Men's sexual health matters    40  Page 41  42  top of page

  Section 5: Common sexual problems

Penis and erection problems

Penis problems 
Many men worry about the size and shape of their penis and may need some reassurance (see page 26). Serious medical problems with the penis are rare. 

A tight foreskin is a common problem. It makes it difficult and painful to pull the foreskin back over the top of the penis. It can make washing the penis difficult. After puberty, when a man has erections, a tight foreskin can be painful. It can be removed by circumcision (see page 26). 

Cancer of the penis is a serious disease, although very rare. The causes are not fully understood. It is possible that there is a link between penis cancer and the herpes virus (see page 44). There is also a possibility that cancer of the penis is linked to poor genital hygiene. Boys should be encouraged from an early age to wash their penis every day to protect themselves, and their sexual partners, against a range of infections (see page 30). Cancer of the penis usually affects older men. Early symptoms include an ulcer on the end of the penis, pain, bleeding and swollen glands. (It is important to remember that all of these symptoms are often caused by more common, and less serious, illnesses.) It is diagnosed by a biopsy (when some of the affected part of the penis is examined under a microscope). 

Priapism is a painful and permanent erection, which is not caused by sexual excitement, and does not disappear after ejaculation. It is rare and mostly affects men with sickle cell disease. It is important to treat it as early as possible, because it can lead to impotence if it is not treated. Treatment will depend on the cause, and should be dealt with by a specialist doctor. 
 

Erection difficulties ('impotence')  
 

Men are often reluctant to seek advice on sexual problems, but discussion can reduce fears.

Almost all men experience difficulty with erections at some time. They may have no erection, an erection for only a short time, or a partial or semi-rigid erection. Some men experience erection difficulties only under certain conditions or only with certain partners. Men can have erection difficulties at any age, but as they become older, it is more common for their erections to become less frequent and less rigid.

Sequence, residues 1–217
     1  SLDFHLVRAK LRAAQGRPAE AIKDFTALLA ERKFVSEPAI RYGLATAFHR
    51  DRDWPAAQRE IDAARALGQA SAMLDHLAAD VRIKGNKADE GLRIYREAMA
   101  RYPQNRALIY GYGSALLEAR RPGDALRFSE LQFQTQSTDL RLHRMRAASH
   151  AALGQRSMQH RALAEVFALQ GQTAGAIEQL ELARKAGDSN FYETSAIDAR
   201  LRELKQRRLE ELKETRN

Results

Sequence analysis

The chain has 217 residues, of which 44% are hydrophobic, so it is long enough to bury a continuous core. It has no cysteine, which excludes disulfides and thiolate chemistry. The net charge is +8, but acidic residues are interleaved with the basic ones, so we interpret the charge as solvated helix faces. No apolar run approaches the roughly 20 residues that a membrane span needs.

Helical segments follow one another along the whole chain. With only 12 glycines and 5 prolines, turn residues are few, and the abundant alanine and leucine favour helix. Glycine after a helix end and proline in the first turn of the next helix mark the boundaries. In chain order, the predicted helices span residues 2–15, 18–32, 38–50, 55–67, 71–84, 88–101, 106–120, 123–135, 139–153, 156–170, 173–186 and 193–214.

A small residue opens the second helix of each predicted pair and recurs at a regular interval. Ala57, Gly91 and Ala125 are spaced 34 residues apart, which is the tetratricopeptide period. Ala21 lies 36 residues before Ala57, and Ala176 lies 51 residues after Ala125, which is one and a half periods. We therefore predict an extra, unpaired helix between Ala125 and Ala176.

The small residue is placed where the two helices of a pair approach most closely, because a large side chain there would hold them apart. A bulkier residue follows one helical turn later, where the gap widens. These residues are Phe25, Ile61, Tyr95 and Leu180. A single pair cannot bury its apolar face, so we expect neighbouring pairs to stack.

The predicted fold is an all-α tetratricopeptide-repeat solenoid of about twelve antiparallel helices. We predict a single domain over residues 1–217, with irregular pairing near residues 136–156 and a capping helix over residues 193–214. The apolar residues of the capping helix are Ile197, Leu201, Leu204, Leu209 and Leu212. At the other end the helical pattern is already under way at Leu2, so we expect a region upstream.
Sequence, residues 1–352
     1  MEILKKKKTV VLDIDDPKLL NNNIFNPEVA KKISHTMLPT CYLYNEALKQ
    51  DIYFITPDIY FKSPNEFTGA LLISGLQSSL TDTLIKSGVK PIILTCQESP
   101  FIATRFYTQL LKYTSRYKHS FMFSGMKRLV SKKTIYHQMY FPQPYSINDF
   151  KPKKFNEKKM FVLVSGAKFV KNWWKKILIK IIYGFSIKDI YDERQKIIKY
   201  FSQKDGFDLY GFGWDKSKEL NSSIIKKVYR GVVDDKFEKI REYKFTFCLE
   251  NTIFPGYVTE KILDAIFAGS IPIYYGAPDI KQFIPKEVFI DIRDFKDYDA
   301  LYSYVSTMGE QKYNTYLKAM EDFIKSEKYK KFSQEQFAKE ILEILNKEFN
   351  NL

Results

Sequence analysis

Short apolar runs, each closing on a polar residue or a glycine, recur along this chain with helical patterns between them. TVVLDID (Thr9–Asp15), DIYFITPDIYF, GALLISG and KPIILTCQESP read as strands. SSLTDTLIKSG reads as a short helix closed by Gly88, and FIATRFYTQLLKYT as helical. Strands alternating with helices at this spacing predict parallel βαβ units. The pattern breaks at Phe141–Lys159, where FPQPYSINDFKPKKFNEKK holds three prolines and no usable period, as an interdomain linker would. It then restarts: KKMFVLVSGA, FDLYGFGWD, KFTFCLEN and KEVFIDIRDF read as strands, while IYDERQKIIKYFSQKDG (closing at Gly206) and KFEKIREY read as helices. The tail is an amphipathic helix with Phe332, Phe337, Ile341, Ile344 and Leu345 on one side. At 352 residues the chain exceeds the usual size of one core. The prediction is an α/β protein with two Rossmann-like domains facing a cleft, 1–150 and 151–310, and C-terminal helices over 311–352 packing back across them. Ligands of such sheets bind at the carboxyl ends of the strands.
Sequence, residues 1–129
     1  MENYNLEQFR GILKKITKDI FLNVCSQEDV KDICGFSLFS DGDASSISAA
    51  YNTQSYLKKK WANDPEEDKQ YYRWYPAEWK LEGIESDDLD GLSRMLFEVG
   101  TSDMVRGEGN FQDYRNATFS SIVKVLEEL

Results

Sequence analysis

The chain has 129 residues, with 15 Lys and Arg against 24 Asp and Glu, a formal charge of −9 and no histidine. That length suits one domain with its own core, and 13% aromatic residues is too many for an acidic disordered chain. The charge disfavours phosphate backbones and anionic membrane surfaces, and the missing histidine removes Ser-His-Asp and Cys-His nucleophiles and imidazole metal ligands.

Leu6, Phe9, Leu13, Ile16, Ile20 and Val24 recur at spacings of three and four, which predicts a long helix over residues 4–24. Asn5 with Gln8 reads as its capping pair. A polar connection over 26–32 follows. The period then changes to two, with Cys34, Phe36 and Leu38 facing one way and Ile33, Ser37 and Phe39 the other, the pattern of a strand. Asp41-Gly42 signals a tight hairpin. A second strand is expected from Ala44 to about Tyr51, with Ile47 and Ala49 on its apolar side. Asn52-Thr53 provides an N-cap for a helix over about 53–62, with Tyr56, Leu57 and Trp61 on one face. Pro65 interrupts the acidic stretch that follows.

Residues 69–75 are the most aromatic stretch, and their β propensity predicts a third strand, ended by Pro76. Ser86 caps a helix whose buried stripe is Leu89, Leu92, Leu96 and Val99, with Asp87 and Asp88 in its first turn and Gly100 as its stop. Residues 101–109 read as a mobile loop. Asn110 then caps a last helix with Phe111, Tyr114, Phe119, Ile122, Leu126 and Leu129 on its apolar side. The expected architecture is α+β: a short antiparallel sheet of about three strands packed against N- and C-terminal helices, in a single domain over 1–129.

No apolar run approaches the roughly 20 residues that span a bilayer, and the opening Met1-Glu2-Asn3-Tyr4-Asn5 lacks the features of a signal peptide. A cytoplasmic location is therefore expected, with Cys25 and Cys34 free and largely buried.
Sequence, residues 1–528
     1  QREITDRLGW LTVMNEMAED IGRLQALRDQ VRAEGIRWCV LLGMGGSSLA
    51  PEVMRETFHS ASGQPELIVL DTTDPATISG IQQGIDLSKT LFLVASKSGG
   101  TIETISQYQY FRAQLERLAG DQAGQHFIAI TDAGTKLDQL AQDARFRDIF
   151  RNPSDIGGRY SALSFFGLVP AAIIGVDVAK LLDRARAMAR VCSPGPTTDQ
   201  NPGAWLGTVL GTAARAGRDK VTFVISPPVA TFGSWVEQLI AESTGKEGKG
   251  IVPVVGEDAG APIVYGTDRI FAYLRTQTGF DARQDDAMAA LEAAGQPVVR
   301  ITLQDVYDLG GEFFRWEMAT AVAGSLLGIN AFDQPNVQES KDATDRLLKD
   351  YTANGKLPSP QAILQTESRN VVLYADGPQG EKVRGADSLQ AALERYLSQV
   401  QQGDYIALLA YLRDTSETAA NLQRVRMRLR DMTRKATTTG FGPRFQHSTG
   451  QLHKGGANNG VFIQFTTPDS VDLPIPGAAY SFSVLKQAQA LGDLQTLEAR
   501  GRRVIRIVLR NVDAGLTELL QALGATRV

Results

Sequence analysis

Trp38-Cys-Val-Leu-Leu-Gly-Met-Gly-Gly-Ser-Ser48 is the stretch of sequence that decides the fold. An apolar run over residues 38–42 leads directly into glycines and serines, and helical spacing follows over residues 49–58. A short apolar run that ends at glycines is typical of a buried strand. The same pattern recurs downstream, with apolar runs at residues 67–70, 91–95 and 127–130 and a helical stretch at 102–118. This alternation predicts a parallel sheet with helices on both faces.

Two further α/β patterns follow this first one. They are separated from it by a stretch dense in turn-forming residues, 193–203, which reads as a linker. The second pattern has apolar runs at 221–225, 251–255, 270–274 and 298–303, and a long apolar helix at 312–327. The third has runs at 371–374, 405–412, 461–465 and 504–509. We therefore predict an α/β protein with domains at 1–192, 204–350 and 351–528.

Physical causes of erection difficulties include vascular problems (blood vessels in the penis), alcohol, drugs (both medicinal and recreational), smoking, blood pressure, diabetes, thyroid problems, some cancers, and some illnesses such as multiple sclerosis.

Erection difficulties often have emotional causes. These may be temporary, such as the shock of losing a job or getting divorced. They maybe more complex and longer term, such as a belief that sex is 'dirty' or wrong. Emotional causes are often connected to men's childhood conditioning and early experiences of sex. Problems with erections are often linked to difficulties in a relationship. 

Many men feel under pressure to use sex as a way of proving their manhood. This is common, but can be very damaging. The more pressure a man puts on himself to have an erection and be a 'real man', the more difficult it will be.

Treatments There are several ways of dealing with erection difficulties, depending on the cause. Erection difficulties are often due to causes that are not physical, and cannot be dealt with by medical methods. Professional counselling, or talking informally to someone, is often the best way to help. 

Treatments for erection difficulties with a physical cause are expensive and not widely available:
 

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injection into the penis, with drugs or hormones, to cause a temporary erection

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drugs which cause temporary erections, such as Viagra

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surgery to increase blood flow to the penis

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penile implants give the man a small but permanent erection